The eating out market is perking up a little. To some this statement may come as a surprise: hasn’t the industry been in boom times for some years? Well, yes and no.
On the positive side, some sectors of the eating out market have indeed been doing well. For example, so-called gastropubs, coffee shops and the burgeoning range of midspend restaurants that appeal to lifestyle conscious thirtysomethings – groups like Wagamama, Carluccio’s and La Tasca – have indeed grown recently.
But on the dark side, there is the continuing decline of the independent takeaway and the troubles of the mainstream burger market – first BSE and then healthy eating, fat and salt. And this has to be coupled with the price pressures in the non-commercial sector that includes staff feeding and hospitals. School meals have had additional problems with the recent negative impact of the Jamie Oliver effect.
Out of this host of conflicting trends, it is perhaps not surprising that the market has only moved forward tentatively since the boom years of the late 1990s. According to the database model of the eating out sector from Horizons, between 1995 and 2000 the market expanded by a pan-industry total of 344 million meals a year – out of an annual average of 8.35 billion meals. But over the next five years to 2005 this slowed to a net increase of 119 million meals. Happily, we fully expect this to increase to 210 million meals up to 2010 as the positive elements of the market outweigh the negative bits.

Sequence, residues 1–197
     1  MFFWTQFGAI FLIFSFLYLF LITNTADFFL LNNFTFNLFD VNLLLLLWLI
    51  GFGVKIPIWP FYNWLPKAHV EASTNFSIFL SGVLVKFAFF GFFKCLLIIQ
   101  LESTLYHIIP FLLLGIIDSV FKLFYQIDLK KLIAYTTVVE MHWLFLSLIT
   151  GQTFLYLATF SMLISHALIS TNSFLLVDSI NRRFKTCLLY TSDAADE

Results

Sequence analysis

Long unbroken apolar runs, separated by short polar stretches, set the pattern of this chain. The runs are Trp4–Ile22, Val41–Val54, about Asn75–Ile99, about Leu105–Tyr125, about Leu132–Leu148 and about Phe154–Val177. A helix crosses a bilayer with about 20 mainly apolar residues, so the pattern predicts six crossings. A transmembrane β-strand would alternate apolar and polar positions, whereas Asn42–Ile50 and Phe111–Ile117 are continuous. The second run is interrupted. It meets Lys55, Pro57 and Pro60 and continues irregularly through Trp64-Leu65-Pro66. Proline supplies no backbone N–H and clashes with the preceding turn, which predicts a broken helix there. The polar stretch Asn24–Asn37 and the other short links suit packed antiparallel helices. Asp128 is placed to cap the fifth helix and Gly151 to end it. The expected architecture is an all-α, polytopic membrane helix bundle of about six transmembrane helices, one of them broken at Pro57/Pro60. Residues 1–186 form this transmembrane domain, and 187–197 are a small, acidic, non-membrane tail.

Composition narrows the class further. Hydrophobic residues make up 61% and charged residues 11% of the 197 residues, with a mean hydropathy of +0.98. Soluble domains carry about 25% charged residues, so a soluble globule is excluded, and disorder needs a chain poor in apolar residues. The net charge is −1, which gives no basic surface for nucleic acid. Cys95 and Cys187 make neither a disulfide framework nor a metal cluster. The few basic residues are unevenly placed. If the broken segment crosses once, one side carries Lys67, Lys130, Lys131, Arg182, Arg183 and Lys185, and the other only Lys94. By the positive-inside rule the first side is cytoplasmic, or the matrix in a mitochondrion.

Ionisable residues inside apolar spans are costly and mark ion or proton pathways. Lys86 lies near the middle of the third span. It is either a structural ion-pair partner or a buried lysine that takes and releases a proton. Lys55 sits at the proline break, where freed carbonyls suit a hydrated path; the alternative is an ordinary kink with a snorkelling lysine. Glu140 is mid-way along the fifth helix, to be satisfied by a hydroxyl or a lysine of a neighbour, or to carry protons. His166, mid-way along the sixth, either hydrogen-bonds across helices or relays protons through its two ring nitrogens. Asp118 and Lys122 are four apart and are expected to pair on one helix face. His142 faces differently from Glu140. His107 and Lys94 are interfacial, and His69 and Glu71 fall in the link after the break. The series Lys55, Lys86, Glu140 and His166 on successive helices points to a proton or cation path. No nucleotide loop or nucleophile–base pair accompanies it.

That is good news for everyone involved in the industry. For distributors, this growth means that there will be an additional pound;435m of food to be delivered by 2010. Most of this – pound;295m – will be supplied by delivered wholesalers whose share is forecast to increase marginally from 53% to 54%. Cash and carry operators will do less well and, in fact, we anticipate that their combined sales will fall by pound;92m over the five-year period as the sectors that they target – independents in the main – feel the heat from larger competitors. In contrast a channel that will do well over the next five years is third party contract distributors. They will benefit from the growth in large food operators – the sort of company that can really take advantage of the economics of logistics supply.
In terms of which companies will actually benefit from the growth prospects, it seems that there are two types of organisation that can fully optimise market developments. The first group is the already large suppliers who will be able to use their extensive resources to develop genuine partnerships with their customers and suppliers, and who will be able to drive their business forward by continuing to reduce their unit costs through economies of scale and enhanced purchasing.
The other beneficiaries will be small players, particularly those with a sectoral or geographic niche. These distributors will be able to build on their close knowledge of their markets and customers, to grow their business in expanding sectors.
So much for the generalities, but what really ties the successful distributors together will be their knowledge of what is happening, why and to whom. This understanding will be essential in the years that lie ahead.
In a market that is slowly becoming dominated by large operators, their suppliers will have to demonstrate their understanding of their customers’ market place. It will no longer be sufficient to supply acceptable products at competitive prices. What foodservice operators – large and small – need are suppliers who can genuinely help them by supplying a service which enhances the operator’s business.